The research is part of the Children’s Health Study, the longest investigation ever into air pollution and kids’ health. Between 1993 and 2001, study scientists from the Keck School tracked levels of major pollutants in 12 Southern California communities while following the pulmonary health of 1,759 children as they progressed from 4th grade to 12th grade. The 12 communities included some of the most polluted areas in the greater Los Angeles basin, as well as several low-pollution sites outside the area.
Keck School researchers previously found that children who were exposed to more air pollution scored more poorly on respiratory tests. In this latest study, published in the Sept. 9 issue of the journal, researchers analyzed the same children’s respiratory health at age 18, when lungs are almost completely mature.
“Teenagers in smoggy communities were nearly five times as likely to have clinically low lung function, compared to teens living in low-pollution communities,” explained W. James Gauderman, associate professor of preventive medicine at the Keck School and lead author of the study.
He said that people with clinically low lung function have less than 80 percent of the lung function expected for their age�a significant deficit that would raise concerns during a doctor’s exam.
“When we began the study 10 years ago, we had no idea we would find effects on the lung this serious,” said John Peters, Hastings Professor of Preventive Medicine at the Keck School, director of the Southern California Environmental Health Sciences Center, and senior author of the study.
Study technicians traveled to participating schools every year and tested children’s lung function, a measure of how well their lungs work. As an example, someone with sub-par lung function cannot exhale and blow up a balloon as quickly or as big as someone with good lung function.
Researchers correlated the students’ lung health measurements with levels of air pollutants monitored in the communities during the same time period.
They found greater deficits in lung development in teenagers who lived in communities with higher average levels of nitrogen dioxide, acid vapor, particulate matter with a diameter of less than 2.5 micrometers (about a tenth the diameter of a human hair) and elemental carbon.
“These are pollutants that all derive from vehicle emissions and the combustion of fossil fuels,” said Gauderman.
Deficits in lung function have both short- and long-term effects. “If a child or young adult with low lung function were to have a cold, they might have more severe lung symptoms, or wheezing,” Gauderman said. “They may have a longer disease course, while a child with better lung function may weather it much better.”
And potential long-term effects are more alarming. “Low lung function has been shown to be second only to smoking as a risk factor for all-cause mortality,” Gauderman explained.
Lung function grows steadily as children grow up, peaking at about age 18 in women and sometime in the early 20s in men. Lung function stays steady for a short time and then declines by 1 percent a year throughout adulthood. As lung function decreases to low levels in later adulthood, the risk of respiratory diseases and heart attacks increases.
Researchers are unsure how air pollution may retard lung development. Gauderman believes chronic inflammation may play a role, with air pollutants irritating small airways on a daily basis. Scientists also suspect that pollutants might dampen the growth of alveoli, tiny air sacs in the lungs.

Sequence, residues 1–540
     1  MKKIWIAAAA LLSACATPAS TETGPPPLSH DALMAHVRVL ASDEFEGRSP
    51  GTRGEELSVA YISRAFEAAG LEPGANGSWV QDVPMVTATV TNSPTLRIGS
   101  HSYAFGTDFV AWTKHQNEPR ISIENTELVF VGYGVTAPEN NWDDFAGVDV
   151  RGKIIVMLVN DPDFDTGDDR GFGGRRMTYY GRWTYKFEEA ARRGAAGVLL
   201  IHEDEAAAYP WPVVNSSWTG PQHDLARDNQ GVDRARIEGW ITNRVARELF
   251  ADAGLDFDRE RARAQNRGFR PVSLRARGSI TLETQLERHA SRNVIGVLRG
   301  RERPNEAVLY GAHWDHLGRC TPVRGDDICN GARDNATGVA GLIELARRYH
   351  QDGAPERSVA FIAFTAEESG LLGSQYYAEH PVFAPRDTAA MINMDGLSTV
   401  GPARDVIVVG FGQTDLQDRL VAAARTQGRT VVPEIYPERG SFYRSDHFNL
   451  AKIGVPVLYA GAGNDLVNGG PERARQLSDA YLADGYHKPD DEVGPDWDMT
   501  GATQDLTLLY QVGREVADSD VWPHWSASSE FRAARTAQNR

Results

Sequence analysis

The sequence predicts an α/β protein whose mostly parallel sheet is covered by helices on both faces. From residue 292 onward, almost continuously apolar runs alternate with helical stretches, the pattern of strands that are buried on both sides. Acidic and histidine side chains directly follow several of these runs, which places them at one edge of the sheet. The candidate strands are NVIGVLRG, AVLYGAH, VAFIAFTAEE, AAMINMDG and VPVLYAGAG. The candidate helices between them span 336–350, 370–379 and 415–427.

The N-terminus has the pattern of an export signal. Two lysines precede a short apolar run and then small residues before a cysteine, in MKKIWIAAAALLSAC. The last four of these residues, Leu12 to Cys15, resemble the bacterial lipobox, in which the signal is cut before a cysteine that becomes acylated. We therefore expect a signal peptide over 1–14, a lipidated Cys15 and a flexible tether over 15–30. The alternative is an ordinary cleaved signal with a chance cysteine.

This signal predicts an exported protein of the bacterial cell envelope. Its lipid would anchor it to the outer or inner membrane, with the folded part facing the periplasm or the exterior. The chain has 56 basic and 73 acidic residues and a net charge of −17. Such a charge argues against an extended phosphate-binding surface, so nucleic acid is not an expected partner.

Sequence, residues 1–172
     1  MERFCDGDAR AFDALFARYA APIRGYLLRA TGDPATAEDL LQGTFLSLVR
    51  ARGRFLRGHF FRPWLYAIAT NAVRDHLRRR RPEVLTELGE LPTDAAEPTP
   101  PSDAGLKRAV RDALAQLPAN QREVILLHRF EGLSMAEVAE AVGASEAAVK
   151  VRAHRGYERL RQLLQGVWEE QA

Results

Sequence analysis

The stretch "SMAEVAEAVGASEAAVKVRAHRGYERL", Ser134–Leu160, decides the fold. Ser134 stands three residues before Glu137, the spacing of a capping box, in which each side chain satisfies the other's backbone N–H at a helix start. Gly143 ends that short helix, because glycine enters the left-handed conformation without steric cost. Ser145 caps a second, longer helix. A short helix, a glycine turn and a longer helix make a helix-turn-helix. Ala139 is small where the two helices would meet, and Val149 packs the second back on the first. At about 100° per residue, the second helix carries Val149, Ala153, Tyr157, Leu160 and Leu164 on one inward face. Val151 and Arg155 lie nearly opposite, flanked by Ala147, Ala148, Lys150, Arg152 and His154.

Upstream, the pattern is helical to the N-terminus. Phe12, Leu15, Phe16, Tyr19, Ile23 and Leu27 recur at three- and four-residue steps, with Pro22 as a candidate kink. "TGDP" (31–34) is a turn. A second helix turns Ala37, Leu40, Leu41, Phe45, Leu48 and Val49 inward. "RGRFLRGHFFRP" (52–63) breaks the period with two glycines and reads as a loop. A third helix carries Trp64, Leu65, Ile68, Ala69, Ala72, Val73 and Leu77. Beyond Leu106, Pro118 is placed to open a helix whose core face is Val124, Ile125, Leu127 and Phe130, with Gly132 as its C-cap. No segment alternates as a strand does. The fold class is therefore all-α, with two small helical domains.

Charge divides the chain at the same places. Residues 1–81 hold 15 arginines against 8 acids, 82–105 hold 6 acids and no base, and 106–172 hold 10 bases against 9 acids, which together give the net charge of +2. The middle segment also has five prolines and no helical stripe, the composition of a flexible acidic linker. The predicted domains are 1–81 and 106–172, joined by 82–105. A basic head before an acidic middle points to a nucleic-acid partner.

The research team will continue to follow the study participants into their early 20s, when their lungs will mature and stop developing entirely. They seek to find out if the participants begin to experience respiratory symptoms and if those who moved away from a polluted environment show benefits.
The California Air Resources Board, National Institute of Environmental Health Sciences and Hastings Foundation supported the research.
W. James Gauderman, Edward Avol, Frank Gilliland, Hita Vora, Duncan Thomas, Kiros Berhane, Rob McConnell, Nino Kuenzli, Fred Lurmann, Edward Rappaport, Helene Margolis, David Bates and John Peters, “The Effect of Air Pollution on Lung Development from 10 to 18 Years of Age.” New England Journal of Medicine, Vol. 351, No. 11, Sept. 9, 2004.
Media play up USC study’s warning on smog danger
The release of a study in the New England Journal of Medicine on smog’s effects on children’s lungs culminated in a press conference on Sept. 8 that has since generated a tremendous amount of media coverage.
The study’s lead author, environmental health researcher James Gauderman, discussed the study’s findings at a press conference covered by KCBS-TV Channel 2, KABC-TV Channel 7, KTLA-TV Channel 5, KNBC-TV Channel 4, KTTV-TV Fox 11, KVEA-TV Telemundo Channel 52, KPCC-FM, KFI-AM, KFWB-AM, Los Angeles Times, Daily Breeze, Inland Valley Daily Bulletin, Chinese L.A. Daily News, Sing Tao Daily and the Chinese Daily News.
The story appeared on the front-page of 14 newspapers nationwide including the Los Angeles Times, Sacramento Bee, Fresno Bee, Baltimore Sun, Los Angeles Daily News, Orange County Register and San Diego Union Tribune and has since led to editorials in the Los Angels Times, Long Beach Press Telegram, Merced Sun Star, Minnesota Daily, Sarasota Herald Tribune and the Cleveland Plain Dealer.
Stories also appeared in the Wall Street Journal, New York Times, Chicago Tribune, WebMD, on NPR’s ‘All Things Considered’, USA Today, Reuters, Pasadena Star-News, Associated Press, Contra Costa Times, Newsday, Atlanta Journal-Constitution, MSNBC and more than a hundred other publications and Web sites.
Gauderman also appeared on KPCC-FM’s “Airtalk with Larry Mantle” and on KCRW-FM’s “Which Way L.A.” radio programs while co-author Ed Avol appeared live on KPFK-FM radio and in a Sept. 15 Daily Trojan story.